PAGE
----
UnNews:Harvard: Ban scrawny models

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Harvard: Ban scrawny models

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30 December 2015

Paris thin

Paris-thin models show the thin line between fashion and looking like you need aid from Bono or Geldof.

CAMBRIDGE, Massachusetts -- Medical experts at Harvard University warned that runway models have become so thin and weak that most are being pushed, semi-conscious, up and down the catwalk on an old sack barrow. The issue was highlighted by a new bill in France specifying a minimum body mass index (BMI) before a model is allowed to work.

According to two Harvard researchers, models are also dying of starvation-related complications, such as breathing stopping due to insufficient food intake. The researchers say France's new legislation should be a wake-up call to the fashion industry. Harvard's School of Public Health also said the average runway model's BMI is now typically below the World Health Organization's threshold for iguanas.

Former Australian Vogue Editor-in-Chief Kirstie Clements told Today: "Body mass index (BMI) is an imperfect measure of health, a bit like saying: “she’s fine, I mean look, there’s no blood in her vomit". Suggesting mannequins on trolleys displaying Seasonal Collections is just as effective and more attractive — both physically and morally — is awful. No girl that has taken herself to the very brink of death to look good is going to feel okay about being replaced by a voluptuous piece of flesh-coloured rubber. Being “evaluated” by a medical professional through BMI, making comparisons of her weight, age and body shape is commodifying women in quite a revolting way.”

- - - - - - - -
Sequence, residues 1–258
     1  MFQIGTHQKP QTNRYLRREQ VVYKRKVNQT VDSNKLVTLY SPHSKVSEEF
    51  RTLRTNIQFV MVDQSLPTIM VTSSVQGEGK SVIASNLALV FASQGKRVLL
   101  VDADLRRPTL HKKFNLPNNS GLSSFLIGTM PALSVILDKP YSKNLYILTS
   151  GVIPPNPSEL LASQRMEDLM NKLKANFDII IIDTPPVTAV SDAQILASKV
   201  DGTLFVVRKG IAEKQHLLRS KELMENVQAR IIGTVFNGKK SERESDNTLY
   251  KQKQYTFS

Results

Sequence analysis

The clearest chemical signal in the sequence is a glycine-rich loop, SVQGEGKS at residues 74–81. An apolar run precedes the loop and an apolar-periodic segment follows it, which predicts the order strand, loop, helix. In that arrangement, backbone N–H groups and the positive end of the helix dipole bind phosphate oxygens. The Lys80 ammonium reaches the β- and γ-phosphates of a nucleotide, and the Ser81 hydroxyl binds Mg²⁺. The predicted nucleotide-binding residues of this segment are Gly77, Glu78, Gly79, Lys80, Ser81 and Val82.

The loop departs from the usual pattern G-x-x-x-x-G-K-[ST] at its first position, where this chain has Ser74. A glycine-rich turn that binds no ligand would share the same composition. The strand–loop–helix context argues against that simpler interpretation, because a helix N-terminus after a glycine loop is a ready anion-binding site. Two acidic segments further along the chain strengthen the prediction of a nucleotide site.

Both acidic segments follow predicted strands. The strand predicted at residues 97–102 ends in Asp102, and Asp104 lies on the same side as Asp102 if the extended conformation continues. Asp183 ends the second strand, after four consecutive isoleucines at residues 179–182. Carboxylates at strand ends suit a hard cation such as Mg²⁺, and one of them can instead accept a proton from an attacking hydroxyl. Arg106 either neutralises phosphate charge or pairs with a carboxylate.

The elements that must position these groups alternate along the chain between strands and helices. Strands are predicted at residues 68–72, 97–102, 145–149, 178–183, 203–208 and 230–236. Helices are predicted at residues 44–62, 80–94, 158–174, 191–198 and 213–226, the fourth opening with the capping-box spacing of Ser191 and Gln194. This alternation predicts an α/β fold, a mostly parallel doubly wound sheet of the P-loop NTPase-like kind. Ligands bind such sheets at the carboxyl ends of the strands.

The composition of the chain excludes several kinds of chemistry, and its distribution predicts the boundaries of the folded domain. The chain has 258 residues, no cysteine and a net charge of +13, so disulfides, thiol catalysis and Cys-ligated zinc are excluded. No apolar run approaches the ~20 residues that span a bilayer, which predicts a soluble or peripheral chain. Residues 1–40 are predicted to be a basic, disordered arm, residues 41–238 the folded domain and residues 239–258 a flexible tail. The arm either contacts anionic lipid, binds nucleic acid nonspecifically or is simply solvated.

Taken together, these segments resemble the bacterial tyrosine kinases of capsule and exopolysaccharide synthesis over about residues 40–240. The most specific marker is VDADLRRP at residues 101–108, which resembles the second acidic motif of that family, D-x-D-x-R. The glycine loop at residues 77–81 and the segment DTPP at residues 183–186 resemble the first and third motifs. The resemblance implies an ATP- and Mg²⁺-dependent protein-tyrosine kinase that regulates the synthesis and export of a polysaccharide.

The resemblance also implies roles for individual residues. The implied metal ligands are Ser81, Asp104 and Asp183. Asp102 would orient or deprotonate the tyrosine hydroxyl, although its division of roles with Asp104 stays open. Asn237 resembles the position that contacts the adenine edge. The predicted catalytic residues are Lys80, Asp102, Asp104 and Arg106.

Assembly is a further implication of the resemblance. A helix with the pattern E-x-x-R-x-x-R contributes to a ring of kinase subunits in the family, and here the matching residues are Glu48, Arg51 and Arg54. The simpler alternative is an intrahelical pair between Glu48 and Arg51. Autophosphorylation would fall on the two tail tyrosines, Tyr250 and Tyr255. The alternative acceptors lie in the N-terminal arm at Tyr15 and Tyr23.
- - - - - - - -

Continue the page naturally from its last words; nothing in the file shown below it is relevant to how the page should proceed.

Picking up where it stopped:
Clements added that given the public opinion radar is now pointing at starvation in the modelling industry and its health implications, the U.S. Occupational Safety and Health Administration should just set a minimum weight for a model to 100 pounds, thus circumventing the shortfalls of BMI. The fashion guru went on to explain that a very tall woman of 5'9" would just die, so there is no point in them becoming a model, and those below 3’4’’ will be about normal, so they could not become a model.

Clements went on to explain her concept further: “Should the model fall below 100 pounds, we beef them up a bit with rice or oats until they meet the minimum weight requirement. This would also give the model just enough in the tank to self-propel for a few minutes.”

The fashion guru's comments have sparked fury among the "fuller" celebrities. Opera Winfrey said: "It's not enough that I need to stitch eight dresses together for the award ceremonies, now they get fed for free and pushed about by a man in dungarees." In the UK, the ex-Emmerdale and Strictly Come Dancing star, Lisa Riley said: "Eee, there's not much meat on 'er."

The Harvard researchers concluded that a health and safety, as well as financial perspective, carting a live model on a sack barrow is far more risky and expensive than using a shop mannequin, or indeed just a glittered-up pole on casters.

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